AUSTIN, Texas — Four and three and two and one!

The voice of a generation is soon to be silenced. The broads are becoming adults. The shenanigans are about to be shunted. Sadly, “Broad City” is coming to an end.

Fans of Comedy Central’s hit series about two millennial broads living in New York City lined up hours early on Sunday in hopes of catching a first look at the series’ final three episodes. Creators and stars Ilana Glazer and Abbi Jacobson hosted an official SXSW panel at the ZACH Theatre, and they even stuck around after the screening to discuss everything that went down in the making of “Broad City.”

While the show might not technically be a film, SXSW Director of Film Janet Pierson said it's such a "cultural juggernaut" they had to break the rules a little bit to let the finale screen during the film festival.

And while we were there to watch all the laughs and tears, we may not be allowed to tell you how it ends — Does Abbi finally get away from her naked roommate, Bevers, and get into art school in Colorado? Does Ilana’s New-York-City-AC-droplet-infected eye ever heal so she can realize her dreams of becoming a therapist? — we can certainly tell you what the broads had to say about watching the episodes premiere alongside their fans.

"I feel so privileged and lucky to have been able to share so much of myself and my friendship with Ilana with all of you, but this particular moment...that was such a special moment for us," said Jacobson to an eruption of applause.

"It's crazy," said Glazer while wiping away tears. "Every step of the way has been so beautiful."

While some parts of the show may seem satirical, whimsical or even downright disgusting, Abbi Jacobson and Ilana Glazer reluctantly said they relate to their characters, Abbi Abrams and Ilana Wexler, more than they'd care to admit.

Bringing up the series' most recent episode with her character's infected eye, Glazer said she grows concerned that people won't be able to distinguish herself and Jacobson as real-life people versus characters.

"Oh, what have we done," said Glazer. "That is who people think we are, that's what they see of us."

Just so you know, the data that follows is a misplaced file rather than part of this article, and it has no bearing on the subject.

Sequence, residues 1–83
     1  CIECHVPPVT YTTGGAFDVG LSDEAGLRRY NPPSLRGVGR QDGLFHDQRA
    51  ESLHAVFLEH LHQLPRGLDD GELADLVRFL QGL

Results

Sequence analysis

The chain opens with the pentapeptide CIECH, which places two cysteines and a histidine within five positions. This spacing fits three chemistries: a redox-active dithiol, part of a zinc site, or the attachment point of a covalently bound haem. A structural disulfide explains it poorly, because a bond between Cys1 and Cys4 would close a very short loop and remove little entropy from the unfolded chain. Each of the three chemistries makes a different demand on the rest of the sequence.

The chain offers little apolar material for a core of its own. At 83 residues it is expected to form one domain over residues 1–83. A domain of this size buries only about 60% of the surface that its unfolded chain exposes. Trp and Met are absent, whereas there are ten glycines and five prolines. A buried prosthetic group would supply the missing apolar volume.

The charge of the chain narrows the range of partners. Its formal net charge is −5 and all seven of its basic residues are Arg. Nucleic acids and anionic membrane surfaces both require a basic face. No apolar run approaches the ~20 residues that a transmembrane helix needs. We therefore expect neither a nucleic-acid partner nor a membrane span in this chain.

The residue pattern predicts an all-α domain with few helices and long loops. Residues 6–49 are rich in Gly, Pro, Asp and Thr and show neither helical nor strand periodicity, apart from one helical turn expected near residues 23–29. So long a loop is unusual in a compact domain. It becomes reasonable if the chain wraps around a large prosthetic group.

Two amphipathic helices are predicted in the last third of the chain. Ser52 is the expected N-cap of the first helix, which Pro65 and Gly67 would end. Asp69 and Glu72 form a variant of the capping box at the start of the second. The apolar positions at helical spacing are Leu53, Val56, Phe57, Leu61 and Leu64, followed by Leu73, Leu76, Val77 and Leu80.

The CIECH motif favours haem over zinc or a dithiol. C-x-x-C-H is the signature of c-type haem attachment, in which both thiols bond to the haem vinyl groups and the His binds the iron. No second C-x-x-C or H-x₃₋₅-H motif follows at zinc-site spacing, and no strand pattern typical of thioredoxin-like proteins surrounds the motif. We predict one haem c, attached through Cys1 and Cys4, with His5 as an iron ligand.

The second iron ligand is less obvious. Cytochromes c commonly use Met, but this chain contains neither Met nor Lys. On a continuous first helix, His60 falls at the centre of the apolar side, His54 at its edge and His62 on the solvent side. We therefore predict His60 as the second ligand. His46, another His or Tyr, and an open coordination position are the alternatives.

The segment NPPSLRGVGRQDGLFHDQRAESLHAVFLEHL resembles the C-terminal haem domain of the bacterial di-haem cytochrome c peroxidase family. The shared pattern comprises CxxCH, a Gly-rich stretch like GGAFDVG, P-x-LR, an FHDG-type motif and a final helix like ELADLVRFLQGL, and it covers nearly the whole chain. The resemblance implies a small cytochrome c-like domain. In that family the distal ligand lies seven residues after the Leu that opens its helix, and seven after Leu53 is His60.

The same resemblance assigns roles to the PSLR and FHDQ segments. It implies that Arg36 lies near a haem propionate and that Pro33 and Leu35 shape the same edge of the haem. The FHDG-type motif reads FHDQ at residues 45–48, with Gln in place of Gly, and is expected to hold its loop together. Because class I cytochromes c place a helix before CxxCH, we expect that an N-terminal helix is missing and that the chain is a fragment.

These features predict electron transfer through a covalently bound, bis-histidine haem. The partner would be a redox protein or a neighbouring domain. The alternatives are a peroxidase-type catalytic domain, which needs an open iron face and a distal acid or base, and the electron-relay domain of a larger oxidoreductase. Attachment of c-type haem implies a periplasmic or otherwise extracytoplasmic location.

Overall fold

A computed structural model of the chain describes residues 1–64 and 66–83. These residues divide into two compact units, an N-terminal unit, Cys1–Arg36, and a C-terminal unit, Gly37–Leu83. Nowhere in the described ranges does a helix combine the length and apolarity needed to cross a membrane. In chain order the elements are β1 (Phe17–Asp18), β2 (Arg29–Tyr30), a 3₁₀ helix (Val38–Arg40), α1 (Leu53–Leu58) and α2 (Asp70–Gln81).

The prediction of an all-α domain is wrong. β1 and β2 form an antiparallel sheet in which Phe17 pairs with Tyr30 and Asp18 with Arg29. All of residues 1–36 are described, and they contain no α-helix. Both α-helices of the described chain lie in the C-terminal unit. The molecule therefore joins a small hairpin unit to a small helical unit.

"I definitely don't fall in as many things," Jacobson chimed in as fans laughed. "Get stuck as much."

"That's what makes it art, when you let go into a project," said Glazer. "I am like, 'Ooph,' but it is vulnerable."

Jacobson continued by saying that she did try to mirror herself more in this final season. She touched on the fact that her character decides to date a woman instead of a man, a topic they discussed later during the panel.

"Something that we talk about increasingly is that we're queer," said Glazer after a fan asked about taking risks as females in the TV industry. "We're Jew-y queer gals, something we weren't [in a way] proud of until we wrote it, so I would say find what's unique about yourself and work to be actually proud of from the inside out and not the outside in."

Fans weren't the only ones who popped questions to the stars. After waving his co-stars down from the corner of the audience, fellow comedian Hannibal Burress, who plays Ilana's boyfriend, snuck in the final surprise question. While we were sworn to secrecy about the final episodes, it's safe to only say it involved the topic of "twerking."

Whether it's twerking, Facetiming from the toilet, hookups or crying — yes, Jacobson and Glazer were seen in the audience embracing each other and tearing up during the last episode's final moments — these girls have opened up their hearts and infectious relationship for everyone, and in the process created a fan base that will treasure "Broad City" far beyond its airtime.

Throughout its five seasons, Jacobson and Glazer have become the voice of 20-somethings across the globe as fans followed Abbi and Ilana on harshly relatable misadventures across New York. From pain-medicine-induced trips to Whole Foods to getting locked out of your apartment after hours-long trips to BB&B to becoming “violently high” at the dentist office — “I am not a mom!” —  the shenanigans may have only lasted for 50 episodes, but they’ll remain a piece of something greater. Something that’s equal parts relatable satire, equal parts a loveable reminder of life in your 20s.

Whichever way Glazer and Jacobson choose to go in their careers after “Broad City,” they will go down in TV history as the creators of one of the best comedies of all time.

“Yasss queens!”


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